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  #1  
Unread 06-17-2008, 08:58 PM
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SO when we drove the car back it basically wasn't holding ANY coolant pressure and it was pinging like crazy. Yeah, obvious head gasket failure and the coolant system had just been worn down over time. Luckily this little guy is just a simple pushrod engine that has a very minimal amount of accessories attached to it. My only problem is that I have a hard time not tearing the whole engine apart and doing a complete restoration. But seeing as how we need this car back on the road I'll just be doing the following:
  • Pulling the head for a complete valve job and resurfacing
  • All new gaskets and most hoses
  • Contemplating a set of ARP studs
  • Using lifetime silicone breather gaskets
  • Degreasing the whole engine
  • Replacing all the crappy clamps with quality ones
  • Properly routing all the wiring with new connectors/terminals
  • Sand blasting and coating the manifolds black
  • Threadlocking crucial screws in and around the carb
  • Replacing various nuts and bolts with proper grade bits
  • Safety wiring vacuum lines
  • Resurfacing all adjoining surfaces and using proper sealers
  • I also wouldn't mind converting it to a digital electronic ignition!! But that's more time and money... maybe later. :lol:
Here is what I had to start out with.


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Unread 06-17-2008, 09:16 PM
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Breaking down the engine really was a quick process. Being an older car care had to be taken to preserve everything. Hoses were cracking before I began removing them. Just replacing the cracked hoses along will make the engine operate much smoother. There are a minimal amount of nuts and bolts to keep track of so assembly will go smoothly. As long as the garage is clean anyone should easily be able to do a rebuild on their own as long as you don't kick things around on the ground. Besides taking pictures with a digital camera the smartest thing a person could do is to put different nuts bolts, and washers in zip lock bags while keeping them labeled with a permanent marker.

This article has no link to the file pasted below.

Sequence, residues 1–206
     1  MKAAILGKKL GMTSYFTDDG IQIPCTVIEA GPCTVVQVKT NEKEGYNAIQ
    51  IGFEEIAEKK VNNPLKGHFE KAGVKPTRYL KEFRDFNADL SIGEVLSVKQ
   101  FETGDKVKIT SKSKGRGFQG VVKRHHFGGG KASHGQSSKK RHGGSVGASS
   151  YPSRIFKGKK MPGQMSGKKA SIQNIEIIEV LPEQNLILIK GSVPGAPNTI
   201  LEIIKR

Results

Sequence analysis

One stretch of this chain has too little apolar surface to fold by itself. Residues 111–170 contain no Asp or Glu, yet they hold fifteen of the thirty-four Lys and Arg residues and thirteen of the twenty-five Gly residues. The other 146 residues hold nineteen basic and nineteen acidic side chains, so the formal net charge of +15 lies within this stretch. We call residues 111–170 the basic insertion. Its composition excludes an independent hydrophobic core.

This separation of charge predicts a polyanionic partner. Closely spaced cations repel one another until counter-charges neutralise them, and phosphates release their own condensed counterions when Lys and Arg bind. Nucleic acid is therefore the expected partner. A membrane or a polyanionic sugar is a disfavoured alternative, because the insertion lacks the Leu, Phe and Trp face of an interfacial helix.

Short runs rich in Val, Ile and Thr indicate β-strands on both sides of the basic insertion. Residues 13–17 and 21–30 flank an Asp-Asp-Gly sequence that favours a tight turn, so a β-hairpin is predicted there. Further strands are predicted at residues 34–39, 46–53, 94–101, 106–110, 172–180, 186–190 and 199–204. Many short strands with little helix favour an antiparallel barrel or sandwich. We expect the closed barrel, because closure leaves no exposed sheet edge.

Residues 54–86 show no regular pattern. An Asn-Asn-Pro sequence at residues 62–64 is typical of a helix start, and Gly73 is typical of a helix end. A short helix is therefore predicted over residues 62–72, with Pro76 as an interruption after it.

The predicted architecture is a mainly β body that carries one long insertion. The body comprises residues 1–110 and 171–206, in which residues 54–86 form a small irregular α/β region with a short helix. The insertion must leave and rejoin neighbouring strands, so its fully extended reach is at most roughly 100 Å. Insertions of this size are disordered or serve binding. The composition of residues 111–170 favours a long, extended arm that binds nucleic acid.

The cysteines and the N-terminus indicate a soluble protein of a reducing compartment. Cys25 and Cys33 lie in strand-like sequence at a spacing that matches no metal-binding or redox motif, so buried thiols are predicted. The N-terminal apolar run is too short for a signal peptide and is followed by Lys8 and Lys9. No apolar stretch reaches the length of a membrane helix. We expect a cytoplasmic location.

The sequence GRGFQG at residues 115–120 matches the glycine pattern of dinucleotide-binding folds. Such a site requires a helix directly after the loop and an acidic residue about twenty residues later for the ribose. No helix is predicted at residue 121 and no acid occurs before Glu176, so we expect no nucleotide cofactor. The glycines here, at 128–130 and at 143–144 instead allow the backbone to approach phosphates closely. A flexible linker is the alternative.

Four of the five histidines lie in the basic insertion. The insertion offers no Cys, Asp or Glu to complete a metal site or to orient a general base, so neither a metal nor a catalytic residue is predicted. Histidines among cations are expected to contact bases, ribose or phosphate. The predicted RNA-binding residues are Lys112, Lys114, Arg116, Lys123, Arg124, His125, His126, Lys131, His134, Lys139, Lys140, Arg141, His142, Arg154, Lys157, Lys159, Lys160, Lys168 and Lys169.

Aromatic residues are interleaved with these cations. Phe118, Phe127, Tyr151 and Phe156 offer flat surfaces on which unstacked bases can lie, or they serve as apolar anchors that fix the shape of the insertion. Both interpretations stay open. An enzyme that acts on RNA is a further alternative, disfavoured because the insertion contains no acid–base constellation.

The carb comes off very easily with just some random 13mm nuts and the removal of some hoses.



To get the exhaust manifold off is a different story. The three nuts on the flanges are very painful to remove and will require a skinny wrench and some tricky finger work to remove. The manifold to block nuts and washers are a snap to spin off with a wrench.



Those breather gaskets are long gone. You can just smell and see the oil weeping down the side of the engine from those two plates. I'll be degreasing the block tomorrow. More on that festival of fun later on.
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Unread 06-17-2008, 09:29 PM
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A couple of nuts and minutes later and her we can see the valve train. There should be MUCH more oil hanging around this area. It's super shiny clean and it's been washed clean simply from coolant getting around this area. Ah well the head is really heavy iron and very tough. I'm not anticipating much damage.



And once the cams and pushrods have been removed we are ready to lift off the cylinder head. It takes quite a lot of force to lift up and pull away the head. Unless you have a solid copper gasket you are going to need to use a decent size prybar to jerk the head free. Mine took a LOT of force to lift off. Make sure you have a friend ready to help you lift it off. It's not as easy as it looks in my pictures. Make sure to mark the pushrods and put them back in the same holes when ready to reassemble.




And below I don't see anything surprising here. I do see a really shitty head gasket though. No stress, that's why we're here. The arrangement of studs really is a weakness in the first place but what can you do... it's a classic car not a high HP free revving race engine. It's going to be more than a few minutes of work to surface the block. I'm not looking forward to cleaning up around those studs and cylinders. Nothing scary here but just some good ol' fashioned elbow grease is required indeed.



Another note... a couple of the studs were NOT even close to being at the correct torque when I was removing the nuts. I'm sure this is due to fatigue from both age and some slight overheating. ARP makes a kit that will surely provide some good piece of mind when putting the pedal to the metal. It will be a good investment as this car will surely be making some trips to Monterey CA and Santa Barbera as well. I would also like to see the addition of a modern aftermarket alloy cylinder head. The original head was designed with materials which were suitable for 1980 fuel and oil. Since the fuels of today lack the lubricating agents of yesterday an additive is needed to prolong the life of the valves and guides. Companies today now offer MG cylinder heads with properly designed valves and made from modern metals with modern casting techniques.